Tuesday, May 3, 2011

Deschutes Jubel 2010

I originally bought this beer around a year and half ago and based on the "best after" suggestion on the label: 1/29/11, decided to age not one, but a few of them.  After months of continuously pulling it out of my cellar only to remember the best after date and putting it back, I'm finally ready to open my first bottle of it. 

Jubel 2010 is classified as an American Strong Ale and for those not familiar with the style, I'll define it a bit.  An American Strong Ale isn't really a style per say, but a category encompassing very strong and generally dark beers, usually over 7.5%, but vague enough in nature to fall under any distinct style of beer.  As such, BJCP (Beer Judge Certification Program) does not recognize American Strongs. You may find that some have similar qualities to Barleywines, Scotch Ales, and Old Ales, meaning big heavy bodies with strong malt flavors, but distinctly hopped with American style aroma hops, which gives the category it's name.  It's not uncommon for them to be barrel aged as well.  Since they can really run the gamut and are difficult to nail down, you can often drink one without even knowing.  In fact, I'm guessing most of you in Southern California have sipped quite a few Stone Arrogant Bastards without ever realizing that it's a Strong Ale.  

The story behind this Strong Ale from Deschutes is an interesting one.  20 years ago or so, someone tried to steal a keg of their winter seasonal, Jubelale, but wasn't smart enough to realize that full kegs are heavy, and carrying them in the snow isn't fun.  They found the keg burried in the snow, half frozen, and found that having frozen all the water off left for a super rich beer, a "Jubelale on steroids," as they called it.  In tribute to this beer, they tried to recreate it in 2000, aging the beer in Oregon Pinot Noir barrels and again in 2010, giving the beer it's "Once a Decade," moniker.  

It pours a deep brown embedded with red hues.  Not much head here, but the retention is decent  Aromas of bright berries, very much like a barleywine with maybe the slightest hint of cocoa lying underneath.  Not nearly as hoppy as I was expecting.  The flavors are barleywine like in the malts, sweet raisins and brown sugar.  The back end ripples with a subtle combo of cocoa and hops, just enough bitter and sweet to leave you with a wonderful aftertaste.  The body isn't as full as maybe you'd expect from such a dark beer.  The presence of the heavy 10% alcohol is detectable, but not overwhelming and the beer maintains a fine line of drinkability.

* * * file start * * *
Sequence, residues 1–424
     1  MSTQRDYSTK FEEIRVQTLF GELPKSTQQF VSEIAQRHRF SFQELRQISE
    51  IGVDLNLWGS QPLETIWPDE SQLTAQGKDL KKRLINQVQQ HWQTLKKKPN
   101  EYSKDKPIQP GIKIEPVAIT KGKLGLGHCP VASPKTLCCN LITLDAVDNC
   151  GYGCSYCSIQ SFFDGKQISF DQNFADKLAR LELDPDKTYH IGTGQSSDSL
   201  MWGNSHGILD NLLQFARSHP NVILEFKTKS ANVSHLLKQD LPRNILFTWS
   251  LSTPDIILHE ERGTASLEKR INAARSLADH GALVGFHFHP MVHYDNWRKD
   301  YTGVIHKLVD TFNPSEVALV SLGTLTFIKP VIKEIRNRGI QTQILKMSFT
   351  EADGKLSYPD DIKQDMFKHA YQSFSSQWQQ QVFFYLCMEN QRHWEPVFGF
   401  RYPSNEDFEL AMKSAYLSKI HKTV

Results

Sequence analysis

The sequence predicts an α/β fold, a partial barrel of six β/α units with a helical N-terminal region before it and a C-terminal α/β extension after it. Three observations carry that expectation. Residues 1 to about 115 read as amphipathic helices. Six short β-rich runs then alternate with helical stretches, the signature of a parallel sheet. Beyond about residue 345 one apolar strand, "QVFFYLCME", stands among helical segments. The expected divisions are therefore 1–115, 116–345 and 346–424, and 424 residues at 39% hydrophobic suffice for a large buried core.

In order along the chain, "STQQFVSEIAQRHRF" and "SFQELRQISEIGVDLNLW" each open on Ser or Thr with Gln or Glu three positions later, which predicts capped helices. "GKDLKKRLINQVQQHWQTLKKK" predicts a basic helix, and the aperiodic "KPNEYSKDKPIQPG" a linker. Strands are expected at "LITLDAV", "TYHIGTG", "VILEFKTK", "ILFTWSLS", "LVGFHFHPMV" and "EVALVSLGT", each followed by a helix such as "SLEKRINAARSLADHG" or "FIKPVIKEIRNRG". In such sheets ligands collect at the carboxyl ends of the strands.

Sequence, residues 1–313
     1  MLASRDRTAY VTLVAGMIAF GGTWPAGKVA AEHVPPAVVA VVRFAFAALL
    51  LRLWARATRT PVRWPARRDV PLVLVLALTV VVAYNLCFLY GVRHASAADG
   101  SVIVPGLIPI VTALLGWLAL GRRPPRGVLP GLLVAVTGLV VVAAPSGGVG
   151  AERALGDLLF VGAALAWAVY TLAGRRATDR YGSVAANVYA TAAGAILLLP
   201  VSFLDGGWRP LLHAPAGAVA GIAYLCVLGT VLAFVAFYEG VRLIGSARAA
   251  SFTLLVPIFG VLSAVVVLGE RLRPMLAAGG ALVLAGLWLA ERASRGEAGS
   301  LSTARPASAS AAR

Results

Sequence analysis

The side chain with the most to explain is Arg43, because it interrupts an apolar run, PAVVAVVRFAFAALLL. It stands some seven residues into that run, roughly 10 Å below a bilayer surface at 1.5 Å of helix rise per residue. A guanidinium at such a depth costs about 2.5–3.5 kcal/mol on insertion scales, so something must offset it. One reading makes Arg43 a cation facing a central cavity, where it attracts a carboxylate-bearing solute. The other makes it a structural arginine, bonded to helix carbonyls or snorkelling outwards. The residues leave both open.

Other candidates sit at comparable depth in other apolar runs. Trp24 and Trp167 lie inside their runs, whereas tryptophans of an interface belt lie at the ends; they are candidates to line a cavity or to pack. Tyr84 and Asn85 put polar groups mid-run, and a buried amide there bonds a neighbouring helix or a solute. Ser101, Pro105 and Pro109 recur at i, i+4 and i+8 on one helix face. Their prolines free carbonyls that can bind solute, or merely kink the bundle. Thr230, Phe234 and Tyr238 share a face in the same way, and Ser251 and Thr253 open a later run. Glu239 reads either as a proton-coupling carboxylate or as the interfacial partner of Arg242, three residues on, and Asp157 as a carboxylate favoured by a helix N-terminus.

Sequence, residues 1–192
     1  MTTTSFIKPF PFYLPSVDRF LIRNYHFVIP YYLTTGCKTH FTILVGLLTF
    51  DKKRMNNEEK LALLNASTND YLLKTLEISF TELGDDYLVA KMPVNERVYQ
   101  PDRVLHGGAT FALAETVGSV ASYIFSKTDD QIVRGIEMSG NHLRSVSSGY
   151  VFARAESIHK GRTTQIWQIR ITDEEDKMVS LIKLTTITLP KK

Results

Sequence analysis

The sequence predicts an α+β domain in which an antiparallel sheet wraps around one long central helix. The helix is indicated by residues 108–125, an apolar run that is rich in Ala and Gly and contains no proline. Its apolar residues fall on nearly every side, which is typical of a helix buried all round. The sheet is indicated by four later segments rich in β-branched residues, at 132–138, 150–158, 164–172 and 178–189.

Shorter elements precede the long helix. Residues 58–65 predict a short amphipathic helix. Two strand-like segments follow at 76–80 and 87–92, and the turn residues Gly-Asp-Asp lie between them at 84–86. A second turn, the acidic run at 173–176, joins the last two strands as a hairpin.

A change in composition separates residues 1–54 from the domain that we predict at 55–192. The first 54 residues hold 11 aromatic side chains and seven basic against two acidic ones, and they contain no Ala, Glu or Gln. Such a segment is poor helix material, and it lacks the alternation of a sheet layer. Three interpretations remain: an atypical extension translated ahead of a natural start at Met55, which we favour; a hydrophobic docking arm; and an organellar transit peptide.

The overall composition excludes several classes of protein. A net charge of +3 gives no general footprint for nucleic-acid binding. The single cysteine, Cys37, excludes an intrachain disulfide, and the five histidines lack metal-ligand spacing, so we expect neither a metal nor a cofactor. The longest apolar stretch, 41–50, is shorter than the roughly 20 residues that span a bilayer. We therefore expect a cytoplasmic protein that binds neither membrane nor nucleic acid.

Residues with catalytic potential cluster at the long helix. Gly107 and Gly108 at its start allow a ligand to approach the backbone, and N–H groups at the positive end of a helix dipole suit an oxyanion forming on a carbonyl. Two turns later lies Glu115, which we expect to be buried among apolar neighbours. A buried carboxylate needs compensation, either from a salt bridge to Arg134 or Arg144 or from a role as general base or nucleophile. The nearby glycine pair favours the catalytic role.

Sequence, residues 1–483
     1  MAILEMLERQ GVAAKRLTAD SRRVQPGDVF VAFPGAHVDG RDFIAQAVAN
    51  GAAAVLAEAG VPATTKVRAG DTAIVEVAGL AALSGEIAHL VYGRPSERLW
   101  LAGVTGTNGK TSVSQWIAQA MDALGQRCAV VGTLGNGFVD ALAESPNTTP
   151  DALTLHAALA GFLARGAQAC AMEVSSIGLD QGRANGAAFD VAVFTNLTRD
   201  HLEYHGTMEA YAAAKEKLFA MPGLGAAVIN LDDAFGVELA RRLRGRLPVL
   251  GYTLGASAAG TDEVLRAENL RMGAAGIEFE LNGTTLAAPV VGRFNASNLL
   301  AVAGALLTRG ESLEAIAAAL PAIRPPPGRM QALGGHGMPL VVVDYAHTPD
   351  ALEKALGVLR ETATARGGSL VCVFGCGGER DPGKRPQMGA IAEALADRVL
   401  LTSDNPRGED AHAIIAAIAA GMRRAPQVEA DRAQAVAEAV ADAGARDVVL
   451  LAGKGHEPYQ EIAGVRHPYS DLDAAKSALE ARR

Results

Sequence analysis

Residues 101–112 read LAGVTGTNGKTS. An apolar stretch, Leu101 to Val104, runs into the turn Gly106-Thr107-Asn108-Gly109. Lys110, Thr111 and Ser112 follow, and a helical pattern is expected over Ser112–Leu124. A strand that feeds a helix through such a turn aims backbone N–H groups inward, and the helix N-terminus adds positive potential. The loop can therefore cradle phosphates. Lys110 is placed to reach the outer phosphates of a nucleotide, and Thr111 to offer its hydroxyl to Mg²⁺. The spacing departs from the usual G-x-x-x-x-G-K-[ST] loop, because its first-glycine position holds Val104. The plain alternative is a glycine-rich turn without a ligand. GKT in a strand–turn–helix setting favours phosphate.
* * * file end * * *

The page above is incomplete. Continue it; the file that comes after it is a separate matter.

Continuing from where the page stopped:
The beer actually drinks much more like a red wine than a beer and there's just a hint of that pinot noir flavor.  It reminds me a bit of a cross between Palo Santo and a barleywine, however, the flavors aren't nearly as ambitioius in their complexity.  That's not to suggest they're bad, far from it.  There is a starkness to the amount of flavors your palate detects in this beer that makes me think about the simplicity of beer itself.  This strong ale succeeds by saying, "less is more,"and focusing all of its efforts on cultivating the richness of each of its flavors, few in number though they may be.  I have to admit, as I'm getting deeper into this it's becoming a bit more boozy, but not at all taking away from the overall drinking experience.  You may want to be here next time I open one of my other 3 bottles, because until 2020, they're going to be hard to find.

Jubel 2010: ****

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